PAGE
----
Tea is one of the most popular beverages in the world, second only to water. The origins of tea are somewhat muddled, however there is a popular legend which tells of the discovery of tea by the mythical Chinese emperor Shen Nung about 5,000 years ago.
In order to encourage sanitation throughout China, the emperor ordered that all citizens boil their water before consumption. During a trip to a remote area of China, the emperor and his entourage stopped to rest. As the servants were boiling water, leaves from a nearby bush blew into the hot liquid. The resulting concoction turned an amber color. Curious, Shen Nung tried the mixture and found it both refreshing and flavorful. Tea was born!
There are four main types of tea: black, oolong, green, and white, all of which originate from the same plant, Camellia sinensis. Specific processing techniques are responsible for the differences in flavor between these four varieties. Tea is usually picked by hand twice a year, once in the early spring and once in summer. Immediately after it is picked, oxidation begins to occur (oxidation is the process that takes place when oxygen molecules come in contact with any type of substance). It is this oxidation process that leads to the different types of tea.
Black tea is the most processed of the four types. Picked tea leaves are immediately transferred to a factory where they are withered to reduce moisture. Next, the leaves are rolled to release the rest of their moisture. After this, the leaves are spread out in a cool, dark place to allow the oxidation process to work its magic. The leaves begin this stage green, but as oxidation takes place they turn a copper brown color. Finally, the leaves are dried with hot air, and their color changes from copper to the more recognizable black.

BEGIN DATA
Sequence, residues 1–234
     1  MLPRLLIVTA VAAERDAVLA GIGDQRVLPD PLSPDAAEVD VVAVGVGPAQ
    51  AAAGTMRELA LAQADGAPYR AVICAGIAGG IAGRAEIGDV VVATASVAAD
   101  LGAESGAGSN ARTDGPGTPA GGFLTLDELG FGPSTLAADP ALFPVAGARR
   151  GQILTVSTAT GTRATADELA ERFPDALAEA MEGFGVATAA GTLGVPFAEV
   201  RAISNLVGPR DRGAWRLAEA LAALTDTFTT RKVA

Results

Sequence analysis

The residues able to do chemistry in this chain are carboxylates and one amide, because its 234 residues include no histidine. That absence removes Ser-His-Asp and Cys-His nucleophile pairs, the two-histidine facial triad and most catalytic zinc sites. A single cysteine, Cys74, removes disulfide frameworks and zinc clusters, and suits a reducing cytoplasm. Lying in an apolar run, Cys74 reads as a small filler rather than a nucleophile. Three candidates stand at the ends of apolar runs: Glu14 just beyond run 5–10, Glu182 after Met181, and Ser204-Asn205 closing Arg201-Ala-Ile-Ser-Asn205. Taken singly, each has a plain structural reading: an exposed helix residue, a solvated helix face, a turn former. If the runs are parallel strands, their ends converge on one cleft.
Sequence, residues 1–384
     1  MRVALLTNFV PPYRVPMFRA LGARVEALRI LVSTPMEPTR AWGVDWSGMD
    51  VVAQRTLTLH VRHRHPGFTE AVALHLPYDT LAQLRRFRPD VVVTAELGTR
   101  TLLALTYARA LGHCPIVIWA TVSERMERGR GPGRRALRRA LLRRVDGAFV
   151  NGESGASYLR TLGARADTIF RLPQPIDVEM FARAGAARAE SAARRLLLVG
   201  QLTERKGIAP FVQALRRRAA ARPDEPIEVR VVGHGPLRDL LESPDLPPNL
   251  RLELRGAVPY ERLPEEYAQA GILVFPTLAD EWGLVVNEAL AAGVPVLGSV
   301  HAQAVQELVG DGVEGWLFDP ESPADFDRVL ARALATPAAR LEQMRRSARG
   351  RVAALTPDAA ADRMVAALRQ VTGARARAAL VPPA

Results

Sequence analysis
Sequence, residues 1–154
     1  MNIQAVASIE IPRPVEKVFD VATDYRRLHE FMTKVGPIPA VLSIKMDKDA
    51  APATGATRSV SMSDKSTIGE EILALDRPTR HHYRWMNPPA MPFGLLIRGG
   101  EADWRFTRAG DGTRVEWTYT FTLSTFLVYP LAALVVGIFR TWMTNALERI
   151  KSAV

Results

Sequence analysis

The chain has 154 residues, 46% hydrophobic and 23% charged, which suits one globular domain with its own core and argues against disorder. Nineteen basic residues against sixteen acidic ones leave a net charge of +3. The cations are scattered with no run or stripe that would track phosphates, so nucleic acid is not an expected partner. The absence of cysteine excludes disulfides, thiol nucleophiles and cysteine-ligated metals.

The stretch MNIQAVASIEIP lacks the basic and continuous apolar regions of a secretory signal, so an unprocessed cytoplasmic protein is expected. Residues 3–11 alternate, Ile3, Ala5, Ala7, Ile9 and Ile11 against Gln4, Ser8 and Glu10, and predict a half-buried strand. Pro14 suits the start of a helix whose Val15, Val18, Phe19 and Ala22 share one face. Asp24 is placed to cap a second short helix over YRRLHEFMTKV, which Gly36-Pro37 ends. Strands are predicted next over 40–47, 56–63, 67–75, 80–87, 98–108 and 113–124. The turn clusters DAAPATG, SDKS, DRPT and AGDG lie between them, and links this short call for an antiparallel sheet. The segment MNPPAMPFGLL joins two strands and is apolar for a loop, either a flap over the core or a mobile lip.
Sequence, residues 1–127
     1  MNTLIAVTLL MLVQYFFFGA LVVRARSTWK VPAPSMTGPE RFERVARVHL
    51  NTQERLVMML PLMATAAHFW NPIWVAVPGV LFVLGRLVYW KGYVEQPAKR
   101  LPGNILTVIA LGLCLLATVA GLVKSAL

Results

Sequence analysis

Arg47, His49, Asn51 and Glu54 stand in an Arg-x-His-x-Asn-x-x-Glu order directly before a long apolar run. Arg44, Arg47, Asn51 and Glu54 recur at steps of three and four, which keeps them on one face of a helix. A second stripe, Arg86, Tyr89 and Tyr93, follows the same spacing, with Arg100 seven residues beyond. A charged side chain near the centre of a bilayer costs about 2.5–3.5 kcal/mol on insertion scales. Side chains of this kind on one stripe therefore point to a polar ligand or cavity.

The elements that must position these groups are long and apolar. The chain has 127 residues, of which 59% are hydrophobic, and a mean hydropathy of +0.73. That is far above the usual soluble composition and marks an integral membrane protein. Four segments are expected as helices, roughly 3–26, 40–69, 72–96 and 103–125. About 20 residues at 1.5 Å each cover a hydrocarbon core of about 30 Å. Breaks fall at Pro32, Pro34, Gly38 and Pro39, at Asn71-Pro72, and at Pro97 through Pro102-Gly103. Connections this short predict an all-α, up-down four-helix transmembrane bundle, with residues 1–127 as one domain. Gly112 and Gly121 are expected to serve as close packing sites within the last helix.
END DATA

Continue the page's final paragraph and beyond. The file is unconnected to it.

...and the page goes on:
Oolong tea undergoes the same process as black tea, however it is only partially oxidized, and never reaches the same stage as black tea. Green tea is withered, rolled and dried, but the oxidation process is removes. The exclusion of this step is what preserves the tea’s color.
White teas are particularly special, as they are only picked two days out of the year when the buds haven’t fully opened. White tea is processed like green tea, but it has a smoother, less grassy taste.
Herbal teas are not really teas at all, as they contain no part of the Camellia sinensis plant, and thus generally no caffeine. Herbal teas are usually a mixture of herbs, dried fruits, flowers, and rooibos, a plant native to South Africa. As stated before, herbal teas are generally caffeine free.
High Plains Spice Company carries over 30 different, unique varieties of loose leaf black, green, white, and herbal tea. We also carry many tea accessories, such as cast iron pots, enamel kettles and tea infusers. So whether you are new to tea, or it has been a part of your daily routine for years, we’ve got something for you!
paraphrased from How Tea Works, by John Fuller